Woo Ming-chuan, Assistant Conservation Manager of HKBWS, explained, “Most open country area, including farmland, lowland grassland, abandoned lands in countryside, is not protected by the Country Parks Ordinance. It is usually regarded as of low conservation value when compared with other habitat types, thus lacks adequate attention and protection. In addition, open country area often attracts destruction and development with its geographical characteristics of being wide and flat.”

illegal dumpingIn 2008, HKBWS discovered the illegal dumping in the buffalo field in Kam Tin

Remarkable changes in 3 decades  With good news and bad news
A total of 281 bird species were recorded in the whole Bird Atlas, 240 bird species in winter season and 226 bird species in breeding season. Survey results revealed that the most widespread bird species in Hong Kong was Chinese Bulbul, which followed by Red-whiskered Bulbul, Swinhoe’s White-eye and Common Tailorbird. Survey results also indicated over 10 bird species had widen their distribution in the past three decades, over 65% of these species were woodland species. Among those, Mountain Tailorbird’s distribution was expanded by nearly 19 times, while Scarlet Minivet and Rufous-capped Babbler had quadrupled their distribution as well. “Woodland birds are birds which favour the woodland habitat. Owing to the restoration plantation carried after the World War II, local woodlands have become more mature and more diverse. More grassy slopes and shrubland were evolved into forests through succession, which had become more suitable for woodland birds to inhabit, and thus allowed the expansion of the distribution of woodland birds,” YU explained.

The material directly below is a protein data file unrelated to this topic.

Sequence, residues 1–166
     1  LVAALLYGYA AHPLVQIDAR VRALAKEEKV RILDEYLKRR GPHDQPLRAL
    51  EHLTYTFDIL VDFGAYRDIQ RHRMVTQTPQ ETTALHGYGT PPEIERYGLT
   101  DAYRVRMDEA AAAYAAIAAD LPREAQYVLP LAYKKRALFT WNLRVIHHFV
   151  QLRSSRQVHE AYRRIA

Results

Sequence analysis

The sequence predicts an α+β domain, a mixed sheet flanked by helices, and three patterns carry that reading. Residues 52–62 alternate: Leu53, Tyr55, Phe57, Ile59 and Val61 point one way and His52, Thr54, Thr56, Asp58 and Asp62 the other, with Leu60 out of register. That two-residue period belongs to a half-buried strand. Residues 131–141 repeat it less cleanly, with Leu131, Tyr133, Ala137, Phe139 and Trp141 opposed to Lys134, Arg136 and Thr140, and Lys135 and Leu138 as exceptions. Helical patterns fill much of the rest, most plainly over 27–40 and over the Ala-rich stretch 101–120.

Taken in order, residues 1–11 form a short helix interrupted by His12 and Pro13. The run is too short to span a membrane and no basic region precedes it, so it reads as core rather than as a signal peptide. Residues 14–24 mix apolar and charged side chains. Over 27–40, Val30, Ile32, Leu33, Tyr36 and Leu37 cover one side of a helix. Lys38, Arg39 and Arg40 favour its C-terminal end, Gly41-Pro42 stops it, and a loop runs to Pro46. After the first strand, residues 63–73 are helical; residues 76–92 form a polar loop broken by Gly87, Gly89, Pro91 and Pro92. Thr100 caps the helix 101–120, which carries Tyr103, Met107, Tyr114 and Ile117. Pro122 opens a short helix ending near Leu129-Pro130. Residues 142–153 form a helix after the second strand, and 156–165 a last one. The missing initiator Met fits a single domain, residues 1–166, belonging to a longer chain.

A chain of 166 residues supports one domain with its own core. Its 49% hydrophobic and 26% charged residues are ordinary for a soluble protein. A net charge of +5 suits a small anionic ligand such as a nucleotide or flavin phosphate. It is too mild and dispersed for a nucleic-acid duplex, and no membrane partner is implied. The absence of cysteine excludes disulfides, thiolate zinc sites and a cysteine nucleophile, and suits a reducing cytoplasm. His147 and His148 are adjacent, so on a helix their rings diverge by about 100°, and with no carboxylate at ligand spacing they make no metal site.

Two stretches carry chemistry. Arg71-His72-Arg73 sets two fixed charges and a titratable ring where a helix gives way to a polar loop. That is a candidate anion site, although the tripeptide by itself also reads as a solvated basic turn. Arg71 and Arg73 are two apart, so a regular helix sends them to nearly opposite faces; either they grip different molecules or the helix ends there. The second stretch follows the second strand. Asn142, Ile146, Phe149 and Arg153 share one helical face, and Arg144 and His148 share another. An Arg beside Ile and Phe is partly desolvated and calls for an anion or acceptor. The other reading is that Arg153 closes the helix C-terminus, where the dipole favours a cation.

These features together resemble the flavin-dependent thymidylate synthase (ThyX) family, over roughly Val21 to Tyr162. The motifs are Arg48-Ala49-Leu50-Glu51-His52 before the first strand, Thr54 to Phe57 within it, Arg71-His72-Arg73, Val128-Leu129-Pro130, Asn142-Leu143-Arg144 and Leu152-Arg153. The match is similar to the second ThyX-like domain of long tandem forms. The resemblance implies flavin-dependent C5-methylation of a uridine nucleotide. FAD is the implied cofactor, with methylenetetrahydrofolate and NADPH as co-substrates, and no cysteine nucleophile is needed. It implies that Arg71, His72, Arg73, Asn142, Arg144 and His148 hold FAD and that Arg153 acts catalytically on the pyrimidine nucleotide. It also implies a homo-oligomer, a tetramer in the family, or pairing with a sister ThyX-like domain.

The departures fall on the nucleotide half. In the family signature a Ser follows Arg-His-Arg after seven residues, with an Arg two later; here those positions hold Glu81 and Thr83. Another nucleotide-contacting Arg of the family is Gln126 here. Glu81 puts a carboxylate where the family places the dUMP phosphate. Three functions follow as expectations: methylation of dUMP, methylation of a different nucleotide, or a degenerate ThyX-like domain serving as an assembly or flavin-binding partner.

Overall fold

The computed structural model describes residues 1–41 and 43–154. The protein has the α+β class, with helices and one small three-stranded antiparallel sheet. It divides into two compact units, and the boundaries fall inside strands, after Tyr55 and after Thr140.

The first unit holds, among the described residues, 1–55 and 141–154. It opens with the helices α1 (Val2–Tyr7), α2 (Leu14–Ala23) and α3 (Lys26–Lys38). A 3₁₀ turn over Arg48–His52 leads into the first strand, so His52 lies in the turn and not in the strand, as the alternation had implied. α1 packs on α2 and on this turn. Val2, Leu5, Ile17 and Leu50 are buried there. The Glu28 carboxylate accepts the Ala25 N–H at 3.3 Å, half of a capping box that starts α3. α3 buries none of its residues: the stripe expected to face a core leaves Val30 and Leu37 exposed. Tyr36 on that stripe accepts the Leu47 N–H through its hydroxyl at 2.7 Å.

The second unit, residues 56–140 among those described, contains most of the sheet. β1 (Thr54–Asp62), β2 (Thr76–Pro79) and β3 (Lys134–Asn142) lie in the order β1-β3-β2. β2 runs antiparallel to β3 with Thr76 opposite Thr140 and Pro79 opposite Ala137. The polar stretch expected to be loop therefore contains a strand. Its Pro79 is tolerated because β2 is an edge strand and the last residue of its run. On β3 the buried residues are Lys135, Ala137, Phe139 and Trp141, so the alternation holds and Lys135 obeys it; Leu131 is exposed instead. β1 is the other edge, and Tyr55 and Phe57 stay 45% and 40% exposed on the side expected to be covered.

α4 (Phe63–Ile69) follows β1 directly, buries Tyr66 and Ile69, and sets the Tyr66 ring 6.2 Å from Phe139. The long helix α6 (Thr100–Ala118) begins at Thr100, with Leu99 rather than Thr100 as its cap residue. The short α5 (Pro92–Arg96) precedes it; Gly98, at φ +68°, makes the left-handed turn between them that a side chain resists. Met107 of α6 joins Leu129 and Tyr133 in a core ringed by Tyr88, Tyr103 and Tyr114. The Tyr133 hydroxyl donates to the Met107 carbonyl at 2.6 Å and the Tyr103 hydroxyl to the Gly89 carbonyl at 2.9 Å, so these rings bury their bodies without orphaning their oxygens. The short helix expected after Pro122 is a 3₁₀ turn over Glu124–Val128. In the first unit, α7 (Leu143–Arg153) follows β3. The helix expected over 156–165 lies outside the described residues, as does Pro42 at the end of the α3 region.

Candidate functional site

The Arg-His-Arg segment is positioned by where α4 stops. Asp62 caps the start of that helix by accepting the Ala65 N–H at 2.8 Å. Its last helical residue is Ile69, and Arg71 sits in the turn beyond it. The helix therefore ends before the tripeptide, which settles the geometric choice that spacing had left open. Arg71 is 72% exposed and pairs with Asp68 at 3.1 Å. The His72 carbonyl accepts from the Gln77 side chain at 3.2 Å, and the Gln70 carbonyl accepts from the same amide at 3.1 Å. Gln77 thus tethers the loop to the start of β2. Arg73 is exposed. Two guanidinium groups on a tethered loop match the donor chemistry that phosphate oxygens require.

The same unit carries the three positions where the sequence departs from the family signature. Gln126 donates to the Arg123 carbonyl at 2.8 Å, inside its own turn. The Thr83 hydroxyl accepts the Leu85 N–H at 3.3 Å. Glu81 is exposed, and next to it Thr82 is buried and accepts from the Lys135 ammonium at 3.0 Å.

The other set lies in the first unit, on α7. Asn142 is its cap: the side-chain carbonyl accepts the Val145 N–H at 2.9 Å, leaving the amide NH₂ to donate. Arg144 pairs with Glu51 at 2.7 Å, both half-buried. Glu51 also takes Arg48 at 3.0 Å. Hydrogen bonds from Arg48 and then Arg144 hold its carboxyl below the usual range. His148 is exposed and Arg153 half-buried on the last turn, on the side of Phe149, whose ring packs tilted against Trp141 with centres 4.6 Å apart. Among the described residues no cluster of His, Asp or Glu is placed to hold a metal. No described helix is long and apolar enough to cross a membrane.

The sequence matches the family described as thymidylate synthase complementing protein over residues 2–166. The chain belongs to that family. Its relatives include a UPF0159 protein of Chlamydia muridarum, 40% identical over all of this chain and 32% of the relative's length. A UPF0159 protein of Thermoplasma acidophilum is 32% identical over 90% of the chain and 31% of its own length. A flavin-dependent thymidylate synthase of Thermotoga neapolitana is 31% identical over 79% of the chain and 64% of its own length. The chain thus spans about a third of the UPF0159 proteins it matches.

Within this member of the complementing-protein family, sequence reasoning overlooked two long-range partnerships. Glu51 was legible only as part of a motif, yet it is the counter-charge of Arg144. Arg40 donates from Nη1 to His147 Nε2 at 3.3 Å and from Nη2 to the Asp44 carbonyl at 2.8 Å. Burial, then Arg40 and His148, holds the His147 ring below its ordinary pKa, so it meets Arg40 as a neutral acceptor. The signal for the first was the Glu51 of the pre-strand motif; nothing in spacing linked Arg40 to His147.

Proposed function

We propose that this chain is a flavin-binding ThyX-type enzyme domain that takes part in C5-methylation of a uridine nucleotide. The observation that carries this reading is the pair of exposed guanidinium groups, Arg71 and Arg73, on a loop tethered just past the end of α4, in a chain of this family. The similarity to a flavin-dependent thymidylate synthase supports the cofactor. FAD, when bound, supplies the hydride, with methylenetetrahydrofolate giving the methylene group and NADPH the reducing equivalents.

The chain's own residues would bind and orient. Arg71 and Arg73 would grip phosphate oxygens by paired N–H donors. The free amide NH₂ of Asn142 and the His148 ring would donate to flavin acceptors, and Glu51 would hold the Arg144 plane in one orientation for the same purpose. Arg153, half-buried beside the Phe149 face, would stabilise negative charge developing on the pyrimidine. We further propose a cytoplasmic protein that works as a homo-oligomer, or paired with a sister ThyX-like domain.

Chinese BulbulChinese Bulbul, the most widespread bird species in Hong Kong

Mountain TailorbirdDistribution of Mountain Tailorbird was expanded by nearly 19 times

Surveys across Hong Kong  Thirty years of data of Hong Kong bird distribution
Hong Kong territory was divided into 1,583 1 km2 survey grids in this project, and over 120 surveyors participated in the surveys in breeding season (March to July) and winter season (December to February). Surveyors need to record all birds seen and heard with their species and abundance specified, any breeding evidence (such as nest building, courtship and nestlings). Bird distribution and breeding condition observed and recorded in the surveys would help us identify bird species and locations with conservation values. In the meantime, we compared the results with the data from similar studies conducted in 1993-96 and 2001-05, so as to analyse the population trend in bird species, identifying the change in Hong Kong habitats and threatened bird species to set out bird and environmental conservation strategies.

SurveyorThe surveyor was conducting HK Bird Atlas

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Link to Online Database (Hong Kong Wildtracks): https://digital.lib.hkbu.edu.hk/hkwildtracks/index.php